The exhibition is accompanied by a fascinating blog which can be read here.

"As I cannot write"

I received a very interesting email yesterday from Liz Whitehouse, a graduate and fellow ex-student of Dartington College of Arts. My tutor put me in touch with her as she had explored embroidery as a medium and context for the final project of her final year.

Her research initially focused on the etymological roots of the words "text" and "textile"; both derive from the Latin "texere", "to weave". Clearly there is an ancient relationship between writing and textile art even before one begins to embroider words!

(When researching the etymology of the two terms myself I stumbled across the blog Text, Textile, Exile, which I must return to at some point.)

For her final piece, Liz took as a starting point an extraordinarily moving sampler completed by a young woman named Elizabeth Parker in the 19th Century, which is in the collection of the Victoria and Albert Museum.


The sampler is worked in miniscule red cross stitch, forming tiny letters which make up the story of Elizabeth's (rather traumatic) life up to the present; there are details of employers treating her "with cruelty too horrible to mention", and of her thoughts of suicide. The piece ends abruptly and hauntingly with the phrase "what will become of my soul"; it is unfinished, and this only serves to make the sampler all the more poignant and heartbreaking. Whereas a sampler would generally be comprised of an alphabet and decorative floral design, Elizabeth's is midway between cathartic diary entry and soulful prayer. Its opening phrase, "As I cannot write" is immediately contradicted by the uniformly perfect stream of words which issue from her needle.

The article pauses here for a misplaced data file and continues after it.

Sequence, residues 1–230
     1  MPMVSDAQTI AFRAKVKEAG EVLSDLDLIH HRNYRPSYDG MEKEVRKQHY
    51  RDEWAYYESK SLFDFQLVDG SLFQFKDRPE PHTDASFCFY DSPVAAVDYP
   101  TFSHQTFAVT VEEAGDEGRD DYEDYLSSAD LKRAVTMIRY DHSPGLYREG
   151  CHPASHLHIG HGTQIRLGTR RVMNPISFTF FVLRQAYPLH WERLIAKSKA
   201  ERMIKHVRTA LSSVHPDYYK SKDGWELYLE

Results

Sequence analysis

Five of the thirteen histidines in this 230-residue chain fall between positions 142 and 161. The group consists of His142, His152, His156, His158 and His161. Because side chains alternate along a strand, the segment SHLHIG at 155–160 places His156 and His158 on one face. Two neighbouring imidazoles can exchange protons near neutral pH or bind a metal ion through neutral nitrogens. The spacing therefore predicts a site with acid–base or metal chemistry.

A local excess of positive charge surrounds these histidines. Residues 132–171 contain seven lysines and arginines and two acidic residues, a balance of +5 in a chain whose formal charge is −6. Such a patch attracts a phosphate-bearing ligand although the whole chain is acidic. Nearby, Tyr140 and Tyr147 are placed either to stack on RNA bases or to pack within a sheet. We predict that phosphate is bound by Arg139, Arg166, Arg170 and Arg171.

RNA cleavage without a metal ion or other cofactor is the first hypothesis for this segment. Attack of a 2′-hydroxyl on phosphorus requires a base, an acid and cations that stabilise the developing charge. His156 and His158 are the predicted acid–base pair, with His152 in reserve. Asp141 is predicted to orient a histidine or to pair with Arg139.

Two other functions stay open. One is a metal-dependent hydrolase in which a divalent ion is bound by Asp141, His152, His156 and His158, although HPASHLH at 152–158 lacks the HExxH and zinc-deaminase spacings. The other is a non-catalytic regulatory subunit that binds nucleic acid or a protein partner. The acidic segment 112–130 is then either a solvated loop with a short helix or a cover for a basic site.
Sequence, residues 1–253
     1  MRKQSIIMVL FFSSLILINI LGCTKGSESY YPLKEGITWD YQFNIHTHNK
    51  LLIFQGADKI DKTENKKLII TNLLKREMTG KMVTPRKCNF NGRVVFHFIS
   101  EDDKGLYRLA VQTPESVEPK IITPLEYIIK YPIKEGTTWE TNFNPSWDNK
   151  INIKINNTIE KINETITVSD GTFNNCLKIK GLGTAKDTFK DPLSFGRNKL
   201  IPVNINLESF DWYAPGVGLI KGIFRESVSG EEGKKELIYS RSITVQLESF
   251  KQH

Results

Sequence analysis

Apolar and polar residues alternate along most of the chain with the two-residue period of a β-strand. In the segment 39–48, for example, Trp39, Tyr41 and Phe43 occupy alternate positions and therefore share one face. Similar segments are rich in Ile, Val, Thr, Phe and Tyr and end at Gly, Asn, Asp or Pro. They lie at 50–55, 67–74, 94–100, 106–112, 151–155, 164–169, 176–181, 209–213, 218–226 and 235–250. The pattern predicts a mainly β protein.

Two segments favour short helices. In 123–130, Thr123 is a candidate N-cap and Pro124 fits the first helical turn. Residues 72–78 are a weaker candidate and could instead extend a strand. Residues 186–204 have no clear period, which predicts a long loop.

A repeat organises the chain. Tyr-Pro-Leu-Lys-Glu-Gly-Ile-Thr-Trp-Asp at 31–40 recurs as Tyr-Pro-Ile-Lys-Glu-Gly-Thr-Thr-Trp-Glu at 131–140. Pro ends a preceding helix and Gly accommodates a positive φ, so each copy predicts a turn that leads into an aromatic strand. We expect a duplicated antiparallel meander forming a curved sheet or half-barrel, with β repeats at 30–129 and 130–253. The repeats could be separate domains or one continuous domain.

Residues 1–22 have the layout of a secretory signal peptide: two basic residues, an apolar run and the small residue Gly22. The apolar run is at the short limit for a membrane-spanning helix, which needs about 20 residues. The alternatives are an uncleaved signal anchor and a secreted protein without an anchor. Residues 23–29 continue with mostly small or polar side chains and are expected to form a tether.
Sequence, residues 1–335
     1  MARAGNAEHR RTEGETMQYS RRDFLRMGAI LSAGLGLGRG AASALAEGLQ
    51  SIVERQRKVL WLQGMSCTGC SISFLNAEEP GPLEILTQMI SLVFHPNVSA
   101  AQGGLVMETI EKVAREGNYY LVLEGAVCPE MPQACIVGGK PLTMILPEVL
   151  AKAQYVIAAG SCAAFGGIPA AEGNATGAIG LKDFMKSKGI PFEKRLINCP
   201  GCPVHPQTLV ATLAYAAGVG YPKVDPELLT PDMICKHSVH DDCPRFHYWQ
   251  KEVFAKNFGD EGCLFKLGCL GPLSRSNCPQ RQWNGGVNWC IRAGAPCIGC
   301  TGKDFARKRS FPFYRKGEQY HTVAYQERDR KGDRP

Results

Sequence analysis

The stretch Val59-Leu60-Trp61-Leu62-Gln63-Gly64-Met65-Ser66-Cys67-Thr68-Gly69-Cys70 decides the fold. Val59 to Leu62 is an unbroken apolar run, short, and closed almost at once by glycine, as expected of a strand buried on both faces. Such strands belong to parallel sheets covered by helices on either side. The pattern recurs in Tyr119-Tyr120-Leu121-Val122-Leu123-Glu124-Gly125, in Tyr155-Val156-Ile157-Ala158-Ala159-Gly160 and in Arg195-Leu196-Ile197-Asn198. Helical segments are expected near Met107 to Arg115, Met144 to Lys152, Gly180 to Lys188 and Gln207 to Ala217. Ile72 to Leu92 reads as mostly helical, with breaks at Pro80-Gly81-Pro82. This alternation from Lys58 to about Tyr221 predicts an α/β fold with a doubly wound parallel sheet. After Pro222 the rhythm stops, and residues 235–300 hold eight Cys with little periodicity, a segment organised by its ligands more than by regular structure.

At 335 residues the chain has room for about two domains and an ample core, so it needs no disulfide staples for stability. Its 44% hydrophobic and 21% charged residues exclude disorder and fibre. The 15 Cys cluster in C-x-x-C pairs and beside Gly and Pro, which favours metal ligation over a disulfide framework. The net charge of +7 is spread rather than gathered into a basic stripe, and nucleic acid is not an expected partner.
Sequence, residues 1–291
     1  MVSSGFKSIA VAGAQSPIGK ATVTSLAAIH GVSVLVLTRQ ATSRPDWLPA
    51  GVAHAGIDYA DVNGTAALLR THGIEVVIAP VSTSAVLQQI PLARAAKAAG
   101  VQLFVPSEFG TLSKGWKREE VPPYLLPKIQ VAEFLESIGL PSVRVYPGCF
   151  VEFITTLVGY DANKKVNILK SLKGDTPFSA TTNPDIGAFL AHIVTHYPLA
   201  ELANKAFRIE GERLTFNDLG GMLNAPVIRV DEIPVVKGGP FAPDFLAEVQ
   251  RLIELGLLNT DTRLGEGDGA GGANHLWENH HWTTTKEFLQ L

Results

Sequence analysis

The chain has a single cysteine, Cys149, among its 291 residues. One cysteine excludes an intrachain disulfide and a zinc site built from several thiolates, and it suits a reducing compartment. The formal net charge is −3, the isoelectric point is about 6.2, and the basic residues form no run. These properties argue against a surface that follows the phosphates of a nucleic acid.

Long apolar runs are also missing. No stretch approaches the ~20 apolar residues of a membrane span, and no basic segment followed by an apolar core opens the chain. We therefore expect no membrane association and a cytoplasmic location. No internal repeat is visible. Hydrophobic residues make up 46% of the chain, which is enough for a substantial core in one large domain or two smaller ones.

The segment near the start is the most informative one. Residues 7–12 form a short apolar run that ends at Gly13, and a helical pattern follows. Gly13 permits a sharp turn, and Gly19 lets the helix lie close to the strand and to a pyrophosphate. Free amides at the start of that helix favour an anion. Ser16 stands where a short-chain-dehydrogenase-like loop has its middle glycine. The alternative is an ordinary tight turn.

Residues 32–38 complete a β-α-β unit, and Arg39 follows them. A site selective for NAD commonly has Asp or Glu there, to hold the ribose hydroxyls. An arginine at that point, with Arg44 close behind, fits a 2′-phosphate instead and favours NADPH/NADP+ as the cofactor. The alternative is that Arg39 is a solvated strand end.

The text that Liz wrote and then embroidered as a "sampler" of her own echoes this opening line of Elizabeth Parker's sampler in its first line ("though I cannot stitch or write/With your patience"):

 Blood Lines

These are my blood lines; though I cannot stitch or write
With your patience
Spoilt by the freedoms of my generation, I try to summon your strength
Recall your nimble hands. I find myself beside you
In those quiet moments of my childhood. I listen to your words.
****random stitches here****
So that I can write my veins in thread and not be orphaned by my pen.
I am undone. To be a woman is to sit with you.
T know my place, my point;
To stitch myself ... a patch ... on to our maternal quilt;
So that I can carry your words and share them with our daughters
You wield a power that I cannot muster from my pen.
I am gender-illiterate, but I write.
Thus I dedicate my every effort as a woman
to yours.

Fittingly, Liz embroidered this text with red thread, symbolising these "blood lines".


The text was embroidered on to images of groups of women sewing, which Liz transferred on to fabric and then quilted together, referencing, through making, the following quotation from Géraldine Chouard's essay Sew to Speak: Text and Textile in Eudora Welty:

"Writing, as piecing, is the art of arranging disparate scraps of material into a unique and distinctive design. A text is always a second-hand piece, made of words which have had a life of their own in previous arrangements, as are the fragments of fabrics of a patchwork quilt which have served other purposes and which, stitched together in a particular fashion, form new patterns."

Liz's sampler is also a touching tribute to her grandmother.

As Liz pointed out to me in her email, it's very fitting that she should have shared her work and research with me via the internet; after all, one of my main contexts of this project is the dissemination of embroidery via the web, which is itself an interwoven network of threads. Similarly, it's appropriate that the interviews I conducted with Iviva Olenick, Joetta Maue, and Debbie of the East London Craft Guerrilla were online.